Imagine a future historian examining Obama’s pre-presidential life: ushered into and through the Ivy League despite unremarkable grades and test scores along the way; a cushy non-job as a “community organizer”; a brief career as a state legislator devoid of legislative achievement (and in fact nearly devoid of his attention, so often did he vote “present”) ; and finally an unaccomplished single term in the United States Senate, the entirety of which was devoted to his presidential ambitions. He left no academic legacy in academia, authored no signature legislation as a legislator.

And then there is the matter of his troubling associations: the white-hating, America-loathing preacher who for decades served as Obama’s “spiritual mentor”; a real-life, actual terrorist who served as Obama’s colleague and political sponsor. It is easy to imagine a future historian looking at it all and asking: how on Earth was such a man elected president?

Not content to wait for history, the incomparable Norman Podhoretz addressed the question recently in the Wall Street Journal:

To be sure, no white candidate who had close associations with an outspoken hater of America like Jeremiah Wright and an unrepentant terrorist like Bill Ayers, would have lasted a single day. But because Mr. Obama was black, and therefore entitled in the eyes of liberaldom to have hung out with protesters against various American injustices, even if they were a bit extreme, he was given a pass.

Let that sink in: Obama was given a pass — held to a lower standard — because of the color of his skin. Podhoretz continues:

And in any case, what did such ancient history matter when he was also so articulate and elegant and (as he himself had said) “non-threatening,” all of which gave him a fighting chance to become the first black president and thereby to lay the curse of racism to rest?

Podhoretz puts his finger, I think, on the animating pulse of the Obama phenomenon — affirmative action. Not in the legal sense, of course. But certainly in the motivating sentiment behind all affirmative action laws and regulations, which are designed primarily to make white people, and especially white liberals, feel good about themselves.

Unfortunately, minorities often suffer so that whites can pat themselves on the back. Liberals routinely admit minorities to schools for which they are not qualified, yet take no responsibility for the inevitable poor performance and high drop-out rates which follow. Liberals don’t care if these minority students fail; liberals aren’t around to witness the emotional devastation and deflated self esteem resulting from the racist policy that is affirmative action. Yes, racist.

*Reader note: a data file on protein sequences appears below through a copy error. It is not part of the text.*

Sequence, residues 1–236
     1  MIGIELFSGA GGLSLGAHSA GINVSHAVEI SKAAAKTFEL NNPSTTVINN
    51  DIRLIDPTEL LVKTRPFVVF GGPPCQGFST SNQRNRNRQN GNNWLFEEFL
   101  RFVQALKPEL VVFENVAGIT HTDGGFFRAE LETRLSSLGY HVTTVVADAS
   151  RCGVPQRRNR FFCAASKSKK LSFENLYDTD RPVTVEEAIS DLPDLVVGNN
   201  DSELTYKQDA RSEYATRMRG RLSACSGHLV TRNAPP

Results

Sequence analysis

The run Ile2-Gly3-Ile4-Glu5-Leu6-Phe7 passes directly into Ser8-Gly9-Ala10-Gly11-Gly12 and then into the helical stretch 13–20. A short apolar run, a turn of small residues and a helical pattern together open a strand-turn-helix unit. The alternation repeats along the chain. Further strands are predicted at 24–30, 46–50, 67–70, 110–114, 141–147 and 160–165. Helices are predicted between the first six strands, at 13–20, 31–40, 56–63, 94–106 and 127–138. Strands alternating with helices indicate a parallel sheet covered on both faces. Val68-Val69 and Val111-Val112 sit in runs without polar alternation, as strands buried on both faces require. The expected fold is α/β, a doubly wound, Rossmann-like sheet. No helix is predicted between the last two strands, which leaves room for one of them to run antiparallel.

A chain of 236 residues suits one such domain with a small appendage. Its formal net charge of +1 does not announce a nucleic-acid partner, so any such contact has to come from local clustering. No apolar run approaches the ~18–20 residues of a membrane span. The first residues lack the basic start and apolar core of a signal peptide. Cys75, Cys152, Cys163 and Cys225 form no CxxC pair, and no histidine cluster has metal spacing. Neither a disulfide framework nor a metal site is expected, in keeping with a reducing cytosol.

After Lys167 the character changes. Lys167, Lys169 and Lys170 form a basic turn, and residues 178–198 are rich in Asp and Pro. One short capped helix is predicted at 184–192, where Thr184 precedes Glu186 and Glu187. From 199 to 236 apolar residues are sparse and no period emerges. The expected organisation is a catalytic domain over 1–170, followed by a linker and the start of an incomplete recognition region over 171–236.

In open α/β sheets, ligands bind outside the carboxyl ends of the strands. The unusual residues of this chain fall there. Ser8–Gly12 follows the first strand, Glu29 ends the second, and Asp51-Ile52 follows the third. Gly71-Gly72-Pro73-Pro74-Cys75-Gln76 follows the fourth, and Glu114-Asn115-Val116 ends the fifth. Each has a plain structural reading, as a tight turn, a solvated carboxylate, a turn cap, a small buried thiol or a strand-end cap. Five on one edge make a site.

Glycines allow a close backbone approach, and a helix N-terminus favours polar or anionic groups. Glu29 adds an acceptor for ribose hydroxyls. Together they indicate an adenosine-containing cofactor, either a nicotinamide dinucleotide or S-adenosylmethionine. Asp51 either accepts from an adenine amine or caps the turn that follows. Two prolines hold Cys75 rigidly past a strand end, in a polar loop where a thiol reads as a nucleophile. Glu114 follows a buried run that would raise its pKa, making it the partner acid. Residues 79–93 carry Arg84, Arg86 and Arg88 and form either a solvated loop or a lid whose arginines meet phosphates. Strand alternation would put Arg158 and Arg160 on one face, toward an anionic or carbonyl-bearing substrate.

Holding someone to a separate standard merely because of the color of his skin — that’s affirmative action in a nutshell, and if that isn’t racism, then nothing is. And that is what America did to Obama.

True, Obama himself was never troubled by his lack of achievements, but why would he be? As many have noted, Obama was told he was good enough for Columbia despite undistinguished grades at Occidental; he was told he was good enough for the US Senate despite a mediocre record in Illinois; he was told he was good enough to be president despite no record at all in the Senate. All his life, every step of the way, Obama was told he was good enough for the next step, in spite of ample evidence to the contrary. What could this breed if not the sort of empty narcissism on display every time Obama speaks?

In 2008, many who agreed that he lacked executive qualifications nonetheless raved about Obama’s oratory skills, intellect, and cool character. Those people — conservatives included — ought now to be deeply embarrassed. The man thinks and speaks in the hoariest of clichés, and that’s when he has his teleprompter in front of him; when the prompter is absent he can barely think or speak at all. Not one original idea has ever issued from his mouth — it’s all warmed-over Marxism of the kind that has failed over and over again for 100 years.

And what about his character? Obama is constantly blaming anything and everything else for his troubles. Bush did it; it was bad luck; I inherited this mess. It is embarrassing to see a president so willing to advertise his own powerlessness, so comfortable with his own incompetence. But really, what were we to expect? The man has never been responsible for anything, so how do we expect him to act responsibly?